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Risk Aversion, Beliefs, and Prediction Market Equilibrium

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  • Steven Gjerstad

    (University of Arizona)

Abstract

Manski [2004] analyzes the relationship between the distribution of traders’ beliefs and the equilibrium price in a prediction market with risk neutral traders. He finds that there can be a substantial difference between the mean belief that an event will occur, and the price of an asset that pays one dollar if the event occurs and otherwise pays nothing. This result is puzzling, since these markets frequently produce excellent predictions. This paper resolves the apparent puzzle by demonstrating that both risk aversion and the distribution of traders’ beliefs significantly affect the equilibrium price. For coeffcients of relative risk aversion near those estimated in empirical studies and for plausible belief distributions, the equilibrium price is very near the traders’ mean belief.

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File URL: http://128.118.178.162/eps/mic/papers/0411/0411002.pdf
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Bibliographic Info

Paper provided by EconWPA in its series Microeconomics with number 0411002.

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Length: 17 pages
Date of creation: 04 Nov 2004
Date of revision:
Handle: RePEc:wpa:wuwpmi:0411002

Note: Type of Document - pdf; pages: 17
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Web page: http://128.118.178.162

Related research

Keywords: Asset pricing; beliefs; competitive equilibrium; prediction markets; risk aversion;

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References

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  1. Thaler, Richard H & Ziemba, William T, 1988. "Parimutuel Betting Markets: Racetracks and Lotteries," Journal of Economic Perspectives, American Economic Association, vol. 2(2), pages 161-74, Spring.
  2. Charles F. Manski, 2004. "Interpreting the Predictions of Prediction Markets," NBER Working Papers 10359, National Bureau of Economic Research, Inc.
  3. Charles R. Plott & Jorgen Wit & Winston C. Yang, 2003. "Parimutuel betting markets as information aggregation devices: experimental results," Economic Theory, Springer, vol. 22(2), pages 311-351, 09.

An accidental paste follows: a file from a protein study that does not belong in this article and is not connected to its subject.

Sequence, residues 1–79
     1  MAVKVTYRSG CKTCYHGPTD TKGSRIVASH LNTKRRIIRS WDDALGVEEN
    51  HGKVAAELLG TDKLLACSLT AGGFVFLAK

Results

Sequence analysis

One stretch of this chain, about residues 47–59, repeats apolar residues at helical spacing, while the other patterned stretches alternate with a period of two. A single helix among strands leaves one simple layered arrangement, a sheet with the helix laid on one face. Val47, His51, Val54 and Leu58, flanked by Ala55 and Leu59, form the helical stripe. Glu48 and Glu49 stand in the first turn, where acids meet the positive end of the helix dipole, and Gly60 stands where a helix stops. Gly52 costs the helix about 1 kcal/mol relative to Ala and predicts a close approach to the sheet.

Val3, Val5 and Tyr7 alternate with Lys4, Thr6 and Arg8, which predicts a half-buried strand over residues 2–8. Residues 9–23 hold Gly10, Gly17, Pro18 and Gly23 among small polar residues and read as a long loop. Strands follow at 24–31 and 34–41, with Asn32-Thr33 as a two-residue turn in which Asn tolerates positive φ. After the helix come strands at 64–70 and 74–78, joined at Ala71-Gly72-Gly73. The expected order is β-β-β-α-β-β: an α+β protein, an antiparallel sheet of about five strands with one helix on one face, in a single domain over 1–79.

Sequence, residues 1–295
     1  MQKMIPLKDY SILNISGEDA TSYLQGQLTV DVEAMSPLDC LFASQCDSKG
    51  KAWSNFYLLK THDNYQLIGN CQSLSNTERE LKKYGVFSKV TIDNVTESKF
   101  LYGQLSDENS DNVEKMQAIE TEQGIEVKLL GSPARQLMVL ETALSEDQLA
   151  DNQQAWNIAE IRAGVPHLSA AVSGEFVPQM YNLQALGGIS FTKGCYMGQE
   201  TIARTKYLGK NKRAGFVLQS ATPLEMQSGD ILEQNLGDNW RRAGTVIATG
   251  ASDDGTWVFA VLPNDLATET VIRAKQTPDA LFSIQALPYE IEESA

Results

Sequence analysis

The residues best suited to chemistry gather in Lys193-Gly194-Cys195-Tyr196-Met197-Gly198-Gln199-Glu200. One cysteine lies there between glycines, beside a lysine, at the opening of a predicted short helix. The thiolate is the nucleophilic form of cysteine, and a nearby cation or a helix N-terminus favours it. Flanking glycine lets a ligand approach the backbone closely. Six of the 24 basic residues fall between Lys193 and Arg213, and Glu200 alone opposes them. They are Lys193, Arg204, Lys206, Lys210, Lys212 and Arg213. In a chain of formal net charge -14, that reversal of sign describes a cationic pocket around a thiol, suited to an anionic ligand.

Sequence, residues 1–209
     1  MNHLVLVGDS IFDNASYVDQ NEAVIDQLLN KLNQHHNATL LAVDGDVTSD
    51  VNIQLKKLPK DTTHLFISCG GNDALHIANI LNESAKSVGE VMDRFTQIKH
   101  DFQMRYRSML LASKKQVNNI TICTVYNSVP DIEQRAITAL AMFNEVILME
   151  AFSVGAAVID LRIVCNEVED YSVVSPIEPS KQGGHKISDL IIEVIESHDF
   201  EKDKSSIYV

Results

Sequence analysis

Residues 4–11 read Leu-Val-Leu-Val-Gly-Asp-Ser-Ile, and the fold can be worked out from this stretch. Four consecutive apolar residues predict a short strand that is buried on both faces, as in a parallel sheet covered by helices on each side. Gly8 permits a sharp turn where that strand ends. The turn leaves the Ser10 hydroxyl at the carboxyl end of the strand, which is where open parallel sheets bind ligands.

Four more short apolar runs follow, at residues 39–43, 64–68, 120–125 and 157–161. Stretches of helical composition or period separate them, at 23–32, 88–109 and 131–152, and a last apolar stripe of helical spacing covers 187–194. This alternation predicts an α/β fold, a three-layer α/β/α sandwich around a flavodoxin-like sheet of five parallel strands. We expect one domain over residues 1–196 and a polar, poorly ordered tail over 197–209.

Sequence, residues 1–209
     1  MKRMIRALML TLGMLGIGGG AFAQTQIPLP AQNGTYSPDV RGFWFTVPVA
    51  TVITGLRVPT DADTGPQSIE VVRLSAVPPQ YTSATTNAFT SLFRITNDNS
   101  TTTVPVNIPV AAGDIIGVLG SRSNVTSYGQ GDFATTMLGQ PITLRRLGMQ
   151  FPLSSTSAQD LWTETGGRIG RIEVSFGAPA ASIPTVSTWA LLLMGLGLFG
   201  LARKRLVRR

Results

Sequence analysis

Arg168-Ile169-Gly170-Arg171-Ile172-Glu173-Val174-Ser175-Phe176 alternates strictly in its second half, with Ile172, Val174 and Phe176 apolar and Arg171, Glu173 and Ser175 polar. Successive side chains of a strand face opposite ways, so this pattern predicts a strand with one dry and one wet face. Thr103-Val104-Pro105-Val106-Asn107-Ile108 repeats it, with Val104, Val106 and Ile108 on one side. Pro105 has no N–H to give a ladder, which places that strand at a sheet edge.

4. Hansen, Lars Peter & Singleton, Kenneth J, 1982. "Generalized Instrumental Variables Estimation of Nonlinear Rational Expectations Models," Econometrica, Econometric Society, vol. 50(5), pages 1269-86, September.
  5. Forsythe, Robert & Forrest Nelson & George R. Neumann & Jack Wright, 1992. "Anatomy of an Experimental Political Stock Market," American Economic Review, American Economic Association, vol. 82(5), pages 1142-61, December.
  6. Yaw Nyarko & Andrew Schotter, 2002. "An Experimental Study of Belief Learning Using Elicited Beliefs," Econometrica, Econometric Society, vol. 70(3), pages 971-1005, May.
  7. Charles A. Holt & Susan K. Laury, 2002. "Risk Aversion and Incentive Effects," American Economic Review, American Economic Association, vol. 92(5), pages 1644-1655, December.
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Cited by:
  1. Erik Snowberg & Justin Wolfers & Eric Zitzewitz, 2012. "Prediction Markets for Economic Forecasting," CAMA Working Papers 2012-33, Centre for Applied Macroeconomic Analysis, Crawford School of Public Policy, The Australian National University.
  2. He, Xue-Zhong & Treich, Nicolas, 2013. "Heterogeneous Beliefs and Prediction Market Accuracy," LERNA Working Papers 13.05.392, LERNA, University of Toulouse.
  3. Paul Rhode & Koleman Strumpf, 2006. "Manipulating political stock markets: A field experiment and a century of observational data," Natural Field Experiments 00325, The Field Experiments Website.
  4. RYan Oprea & David Porter & Chris Hibbert & Robin Hanson & Dorina Tila, 2008. "Can Manipulators Mislead Prediction Market Observers?," Working Papers 08-01, Chapman University, Economic Science Institute.
  5. Justin Wolfers & Eric Zitzewitz, 2006. "Interpreting Prediction Market Prices as Probabilities," NBER Working Papers 12200, National Bureau of Economic Research, Inc.
  6. Charles F. Manski, 2004. "Interpreting the Predictions of Prediction Markets," NBER Working Papers 10359, National Bureau of Economic Research, Inc.

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